The meeting took place in Bristol, with the help and support of the local Green party, and involved both senior elected representatives and rank and file members from both sides. In total over 60 people took part, including leaders of both parties (Simone Peter, co-spokesperson of Bündnis 90/Die Grünen, and Natalie Bennett, Leader of the GPEW), a member of the Federal German Parliament (Manuel Sarrazin MdB) and a grand total of four MEPs, two from each country (Jan Philip Albrecht and Terry Reintke from Germany, and Jean Lambert and Molly Scott Cato from the UK). In addition, there were a number of local and regional representatives, notably a strong contingent from the Green Group on Bristol City Council and the Green Party candidate for Mayor of the City. They heard presentations from experts on social and political problems common to both countries, debated Green solutions, made friends, and discussed (some of them late into the night) how to cooperate more closely both in the European Parliament and in activist networks working at all levels and at any kind of scale, right down to connections made between two individuals in either country. Of which there were many.
The event kicked off in the streets, with a joint protest against dangerous levels of air pollution at the appropriately-named Bearpit in the middle of a busy roundabout in Bristol town centre, from where the energised (if wheezing) throng moved on to a joint press conference in Hamilton House in Stokes Croft given by Natalie Bennett and Simone Peter and chaired by Bristol Green Councillor Gus Hoyt. Delegates to the thematic workshops were then welcomed by MEPs Terry Reintke and Molly Scott Cato and the two party leaders. Molly was especially pleased to welcome visitors to Bristol as the Green MEP for the South-West and to point to the radical traditions of the town and the region in the hope that these would inspire the delegates over the coming day and a half. This hope was immediately strengthened when Natalie was able to announce the news of the acquittal of the Green protestors accused of wilful obstruction at the DSEI arms fair in London, and the judge’s finding that there was ‘compelling evidence’ of illegal sales at the fair.
The German delegation announced that their contribution would be inspired by the hashtag and slogan #HugaBrit which expressed their determination to persuade the British electorate that the rest of Europe dearly wants them to remain a part of the Union. This determination was then captured in a photoshoot of a group hug on the stage, and was manifested from then onwards at regular intervals, often without warning, to the dismay of those of the Brits clinging to their stiff upper lips. (If that is physically possible.)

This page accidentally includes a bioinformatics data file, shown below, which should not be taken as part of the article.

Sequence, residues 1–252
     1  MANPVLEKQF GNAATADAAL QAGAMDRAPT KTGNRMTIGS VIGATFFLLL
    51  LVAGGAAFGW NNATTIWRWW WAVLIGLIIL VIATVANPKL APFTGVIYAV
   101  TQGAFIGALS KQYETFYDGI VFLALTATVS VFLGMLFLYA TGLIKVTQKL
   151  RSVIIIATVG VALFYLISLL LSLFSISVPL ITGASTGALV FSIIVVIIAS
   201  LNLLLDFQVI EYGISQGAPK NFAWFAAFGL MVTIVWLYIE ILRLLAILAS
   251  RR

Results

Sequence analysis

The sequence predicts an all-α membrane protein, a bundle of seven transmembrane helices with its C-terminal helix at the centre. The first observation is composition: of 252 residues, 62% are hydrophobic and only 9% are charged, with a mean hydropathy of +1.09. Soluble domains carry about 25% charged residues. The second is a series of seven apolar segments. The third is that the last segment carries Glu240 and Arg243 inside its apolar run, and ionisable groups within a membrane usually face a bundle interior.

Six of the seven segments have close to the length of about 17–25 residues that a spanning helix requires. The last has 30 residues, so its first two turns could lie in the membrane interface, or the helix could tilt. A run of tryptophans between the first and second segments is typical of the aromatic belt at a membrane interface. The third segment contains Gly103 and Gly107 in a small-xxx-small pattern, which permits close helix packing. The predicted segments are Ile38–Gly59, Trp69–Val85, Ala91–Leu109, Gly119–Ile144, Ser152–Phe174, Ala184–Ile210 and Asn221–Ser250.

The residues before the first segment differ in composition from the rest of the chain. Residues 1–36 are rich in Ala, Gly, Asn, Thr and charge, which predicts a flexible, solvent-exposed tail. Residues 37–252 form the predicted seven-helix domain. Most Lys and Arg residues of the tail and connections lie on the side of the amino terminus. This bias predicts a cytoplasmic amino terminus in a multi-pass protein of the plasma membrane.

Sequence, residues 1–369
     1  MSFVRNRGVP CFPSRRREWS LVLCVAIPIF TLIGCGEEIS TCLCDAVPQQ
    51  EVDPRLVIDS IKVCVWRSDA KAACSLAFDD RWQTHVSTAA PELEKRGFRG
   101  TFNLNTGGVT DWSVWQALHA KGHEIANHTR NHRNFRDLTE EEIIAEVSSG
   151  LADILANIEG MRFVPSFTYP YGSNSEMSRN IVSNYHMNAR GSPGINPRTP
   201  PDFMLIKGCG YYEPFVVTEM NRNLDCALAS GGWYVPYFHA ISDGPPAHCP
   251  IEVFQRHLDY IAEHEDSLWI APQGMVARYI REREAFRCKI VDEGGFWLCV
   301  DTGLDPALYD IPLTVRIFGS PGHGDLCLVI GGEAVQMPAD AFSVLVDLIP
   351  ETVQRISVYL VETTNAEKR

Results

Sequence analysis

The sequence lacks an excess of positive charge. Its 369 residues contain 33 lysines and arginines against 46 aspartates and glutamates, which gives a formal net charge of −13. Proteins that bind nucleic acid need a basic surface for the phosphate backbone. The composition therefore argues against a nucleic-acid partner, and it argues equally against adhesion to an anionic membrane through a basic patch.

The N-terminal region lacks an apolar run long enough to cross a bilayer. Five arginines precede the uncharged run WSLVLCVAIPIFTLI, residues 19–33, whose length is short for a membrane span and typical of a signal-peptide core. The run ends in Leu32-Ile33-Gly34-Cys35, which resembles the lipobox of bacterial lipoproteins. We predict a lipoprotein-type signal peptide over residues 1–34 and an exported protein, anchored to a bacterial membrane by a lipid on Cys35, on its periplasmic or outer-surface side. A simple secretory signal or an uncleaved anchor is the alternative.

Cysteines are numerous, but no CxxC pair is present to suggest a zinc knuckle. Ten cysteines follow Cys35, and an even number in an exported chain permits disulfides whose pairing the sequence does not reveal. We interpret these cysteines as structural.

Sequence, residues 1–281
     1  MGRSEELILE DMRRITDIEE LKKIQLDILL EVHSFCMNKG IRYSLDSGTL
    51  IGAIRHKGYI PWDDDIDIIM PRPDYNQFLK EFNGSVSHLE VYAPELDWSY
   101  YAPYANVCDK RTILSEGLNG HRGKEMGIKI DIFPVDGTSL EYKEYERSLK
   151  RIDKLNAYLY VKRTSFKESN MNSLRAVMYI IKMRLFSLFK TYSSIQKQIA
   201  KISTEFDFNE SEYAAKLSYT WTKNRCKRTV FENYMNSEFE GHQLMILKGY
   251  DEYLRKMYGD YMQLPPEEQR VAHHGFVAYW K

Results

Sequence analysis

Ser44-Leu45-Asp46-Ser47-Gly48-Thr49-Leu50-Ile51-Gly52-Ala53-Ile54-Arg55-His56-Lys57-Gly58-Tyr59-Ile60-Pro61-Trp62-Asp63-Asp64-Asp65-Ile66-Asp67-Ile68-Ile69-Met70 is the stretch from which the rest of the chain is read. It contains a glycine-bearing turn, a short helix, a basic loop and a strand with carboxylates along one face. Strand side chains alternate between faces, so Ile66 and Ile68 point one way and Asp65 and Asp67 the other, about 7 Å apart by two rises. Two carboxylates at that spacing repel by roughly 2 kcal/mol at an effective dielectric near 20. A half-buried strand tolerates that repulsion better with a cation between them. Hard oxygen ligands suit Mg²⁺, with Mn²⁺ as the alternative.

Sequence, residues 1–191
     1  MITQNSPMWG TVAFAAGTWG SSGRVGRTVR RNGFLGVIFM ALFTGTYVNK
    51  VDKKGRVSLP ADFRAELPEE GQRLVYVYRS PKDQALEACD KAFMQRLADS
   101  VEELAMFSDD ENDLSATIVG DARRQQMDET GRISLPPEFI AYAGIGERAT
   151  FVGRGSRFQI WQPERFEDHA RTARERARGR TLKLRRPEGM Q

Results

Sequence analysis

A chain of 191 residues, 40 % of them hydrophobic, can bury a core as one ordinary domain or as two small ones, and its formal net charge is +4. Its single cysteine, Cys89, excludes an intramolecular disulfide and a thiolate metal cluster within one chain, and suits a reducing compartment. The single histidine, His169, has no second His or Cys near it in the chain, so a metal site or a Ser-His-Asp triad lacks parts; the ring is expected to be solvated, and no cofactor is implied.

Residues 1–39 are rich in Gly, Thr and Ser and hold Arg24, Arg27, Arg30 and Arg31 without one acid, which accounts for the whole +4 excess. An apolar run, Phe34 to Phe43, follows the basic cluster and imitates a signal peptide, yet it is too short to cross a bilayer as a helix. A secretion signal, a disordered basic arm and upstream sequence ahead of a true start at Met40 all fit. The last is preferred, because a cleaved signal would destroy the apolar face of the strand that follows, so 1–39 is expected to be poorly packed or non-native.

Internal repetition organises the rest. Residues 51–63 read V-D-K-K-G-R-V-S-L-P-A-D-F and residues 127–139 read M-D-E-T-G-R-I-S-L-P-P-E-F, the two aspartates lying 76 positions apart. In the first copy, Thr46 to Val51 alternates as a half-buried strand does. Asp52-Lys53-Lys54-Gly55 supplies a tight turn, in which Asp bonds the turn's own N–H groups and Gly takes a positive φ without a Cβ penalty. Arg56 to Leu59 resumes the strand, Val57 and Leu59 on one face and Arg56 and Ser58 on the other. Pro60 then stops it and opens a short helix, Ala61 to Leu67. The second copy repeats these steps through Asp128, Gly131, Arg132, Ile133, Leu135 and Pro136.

The first thematic workshops were on Green energy transformation & divestment at the local level (notes and presentation) and on Refugee integration. For those with a deeper interest in one or more of the themes addressed, video of the discussions will be available online shortly.
The first day closed with a panel discussion open to the public on Building a Western Powerhouse: What can we learn from Germany's renewable energy transition? A packed room heard three German and three British delegates - chaired by Terry Reintke with such charm and skill that even her introductions were applauded - discuss whether Southwest England could use the successful German Energy Transition, which is on track to move Europe’s biggest industrial economy onto an almost entirely renewable-energy footing, as a model to help turn the region, whose renewable energy resources are better than Germany’s, into a regional economic ‘powerhouse’ (literal as well as metaphorical) and the catalyst for a sustainable Britain. Steam was then let off (and Brits were hugged) under the influence of English beer and traditional English Indian food to round off the evening.
The thematic workshops on the morning of the second day addressed Far right wing populism and Civil rights in the digital age (notes). These were followed by a presentation by Dr Wolfgang Rüdig of the University of Strathclyde on UK Green Party Membership - what we know and how things are changing, which included the striking news that the ‘Green Surge’ means that membership of the GPEW is now higher than that of Bündnis 90/Die Grünen. One of the least surprising conclusions, among many newer comparative insights, was that the absence of proportional representation in UK general elections was probably the single biggest reason for the far smaller number of elected representatives there compared with Germany.
The final session was a discussion on The United Kingdom European Union membership referendum (notes), which was notable for the passion with which the German delegates urged the Brits to make sure that this burgeoning partnership, and especially the increasingly productive cooperation within the European Parliament, would be able to continue and grow. Europe needs Britain was their message, and European Greens need British Greens. With that message, and with a final hug, the Brits were sent back out on to the streets to campaign for a Remain vote in the referendum, with renewed energy and a renewed sense of the importance of the task.
Britain and Germany are the two oldest industrialised nations in the world, and the two biggest economies in Europe. Arguably, they have a special responsibility to lead the way in helping to put the world on a sustainable footing. They also have contrasting political and social histories and traditions which offer a rich resource for comparative analysis and new thinking going forward. The Green parties of Germany and of England and Wales want to cooperate more closely in future to this end, and they have issued a joint declaration arising out of this meeting expressing that intention. So it only remains for us to say: Wir freuen uns auf ein Wiedersehen in Deutchland!